Sarah A. Schnitker, Ph.D.
Associate Professor of Psychology
Associate Professor of Psychology
Ph.D., 2010, Personality and Social Psychology, University of California, Davis
M.A., 2006, Personality and Social Psychology, University of California, Davis
B.A., 2003, Psychology, Grove City College
Dr. Sarah Schnitker joined the Psychology and Neuroscience Department at Baylor University in fall 2018 as an Associate Professor. She holds a PhD and an MA in Personality and Social Psychology from the University of California, Davis, and a BA in Psychology from Grove City College. Prior to joining the faculty at Baylor University, Schnitker was an Associate Professor in the Thrive Center for Human Development at Fuller Theological Seminary in Pasadena, CA. Schnitker studies virtue and character development in adolescents and emerging adults, with a focus on the role of spirituality and religion in virtue formation. She specializes in the study of patience, self-control, gratitude, generosity, and thrift. Schnitker has procured more than $3.5 million in funding as a principle investigator on multiple research grants, and she has published in a variety of scientific journals and edited volumes. Schnitker is a Member-at-Large for APA Division 36 – Society for the Psychology of Religion and Spirituality, is a Consulting Editor for the organization’s flagship journal, Psychology of Religion and Spirituality, and is the recipient of the Virginia Sexton American Psychological Association’s Division 36 Mentoring Award. For more information, please view Dr. Schnitker's CV.
Find Dr. Schnitker on Twitter: @DrSchnitker
Character Strength Interventions in Adolescents: Engaging Scholars and Practitioners to Promote Virtue Development (Principal Investigator; Co-Investigator: Benjamin Houltberg). John Templeton Foundation (December 2018-November 2021, #61221). $ 2,616,085.
Representative Publications (* indicates student co-author)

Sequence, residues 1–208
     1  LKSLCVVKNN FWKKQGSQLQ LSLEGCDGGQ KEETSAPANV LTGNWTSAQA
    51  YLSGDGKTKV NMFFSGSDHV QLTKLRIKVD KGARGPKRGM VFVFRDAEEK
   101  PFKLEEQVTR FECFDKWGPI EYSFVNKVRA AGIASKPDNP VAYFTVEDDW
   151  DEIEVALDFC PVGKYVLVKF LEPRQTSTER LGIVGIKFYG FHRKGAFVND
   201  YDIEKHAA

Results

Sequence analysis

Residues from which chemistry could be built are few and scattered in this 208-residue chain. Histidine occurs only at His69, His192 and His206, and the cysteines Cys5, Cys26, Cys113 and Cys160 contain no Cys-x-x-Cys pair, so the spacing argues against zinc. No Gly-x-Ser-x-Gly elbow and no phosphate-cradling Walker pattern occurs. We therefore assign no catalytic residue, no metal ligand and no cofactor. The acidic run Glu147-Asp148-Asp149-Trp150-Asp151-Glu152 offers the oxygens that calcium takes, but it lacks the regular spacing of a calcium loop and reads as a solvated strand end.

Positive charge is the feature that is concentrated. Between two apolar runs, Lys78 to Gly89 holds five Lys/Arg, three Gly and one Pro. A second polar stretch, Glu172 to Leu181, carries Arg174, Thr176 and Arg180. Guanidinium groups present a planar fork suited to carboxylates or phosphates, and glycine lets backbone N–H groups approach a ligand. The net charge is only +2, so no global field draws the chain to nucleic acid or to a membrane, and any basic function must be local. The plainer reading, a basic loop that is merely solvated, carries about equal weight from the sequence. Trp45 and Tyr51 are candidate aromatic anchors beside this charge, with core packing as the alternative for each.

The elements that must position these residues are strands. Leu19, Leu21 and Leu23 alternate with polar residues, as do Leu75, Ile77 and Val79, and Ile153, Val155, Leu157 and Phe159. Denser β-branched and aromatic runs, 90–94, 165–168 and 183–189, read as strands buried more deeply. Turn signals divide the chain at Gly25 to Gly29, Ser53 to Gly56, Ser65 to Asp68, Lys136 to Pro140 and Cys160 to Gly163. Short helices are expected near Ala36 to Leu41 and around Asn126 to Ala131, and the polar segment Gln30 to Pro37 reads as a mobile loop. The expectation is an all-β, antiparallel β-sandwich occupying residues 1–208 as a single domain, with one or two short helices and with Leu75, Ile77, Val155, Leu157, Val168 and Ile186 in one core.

Schnitker, S. A., & *Richardson, K. L. (2018). Framing gratitude journaling as prayer amplifies its hedonic and eudaimonic well-being, but not health, benefits. The Journal of Positive Psychology. doi:10.1080/17439760.2018.1460690
*Greenway, T. S., Schnitker, S. A., & *Shepherd, A. M. (2018). Can prayer increase charitable giving? Examining the effects of intercessory prayer, moral intuitions, and theological orientation on generous behavior. International Journal for the Psychology of Religion, 28, 3-18. doi:10.1080/10508619.2017.1406790
*Shepherd, A. M., Schnitker, S. A., Leffel, G. M., Oaks-Mueller, R. A., Curlin, F. A., Yoon, J. D., & *Greenway, T. (2018). Developing the Good Physician: Spirituality affects the development of virtues and moral intuitions in medical students. Journal of Positive Psychology, 13, 143-154. doi:10.1080/17439760.2016.1269185
Schnitker, S., Houltberg, B., Dyrness, W., & *Redmond, N. (2017). The Virtue of Patience, Spirituality, and Suffering: Integrating Lessons from Positive Psychology, Psychology of Religion, and Christian Theology. Psychology of Religion and Spirituality, 9, 264-275.
*Thomas, R. M., & Schnitker, S. A. (2017). Modeling the Effects of Within-Person Characteristic and Goal-Level Attributes on Personal Project Pursuit Over Time. Journal of Research in Personality, 69, 206-217. doi:10.1016/j.jrp.2016.06.012
Schnitker, S. A., *Felke, T. J., *Fernandez, N. A., *Redmond, N., & *Blews, A. E. (2017). Efficacy of self-control and patience interventions in adolescents. Applied Developmental Science, 3, 165-183. doi:10.1080/10888691.2016.1178578
Currier, J., Foster, J., Abernethy, A., Witvliet, C., Root Luna, L., Putman, K., Schnitker, S., VanHam, K., & Carter, J. (2017). God imagery and affective outcomes in a spiritually-integrative inpatient program. Psychiatry Research, 254, 317-322. doi:10.1016/j.psychres.2017.05.003
Houltberg, B. J., Wang, K. T., & Schnitker, S. A. (2017). Religiousness and perceived God perfectionism among elite athletes. Journal of the Christian Society for Kinesiology, Leisure and Sport Studies, 4, 29-46.
*Strenger, A. M., Schnitker, S. A., & *Felke, T. J. (2016). Attachment to God moderates the relation between sociocultural pressure and disordered eating behaviors as mediated by emotional eating. Mental Health, Religion, and Culture, 19, 23-36. doi:10.1080/13674676.2015.1086324.
Schnitker, S. A., *Felke, T. J., Barrett, J. L., & Emmons, R. A. (2014). Longitudinal study of religious and spiritual transformation in adolescents attending Young Life summer camp: Assessing the epistemic, intrapsychic, and moral sociability functions of conversion. Psychology of Religion and Spirituality, 6, 83-93. doi:10.1037/a0035359
Schnitker, S. A. (2012). An examination of patience and well-being. Journal of Positive Psychology, 7, 263-280. doi:10.1080/17439760.2012.697185
Schnitker, S. A., Porter, T., Emmons, R. A., & Barrett, J. L. (2012). Attachment predicts adolescent conversions at Young Life religious summer camps. International Journal for the Psychology of Religion, 22, 198-215. doi: 10.1080/10508619.2012.670024
Current Ph.D. Students
Current Psy.D. Students
Graduate Student Recruitment
Dr. Schnitker anticipates recruiting a Ph.D. student in Fall 2020.
Courses taught at Baylor
- PSY 3310 - Social Psychology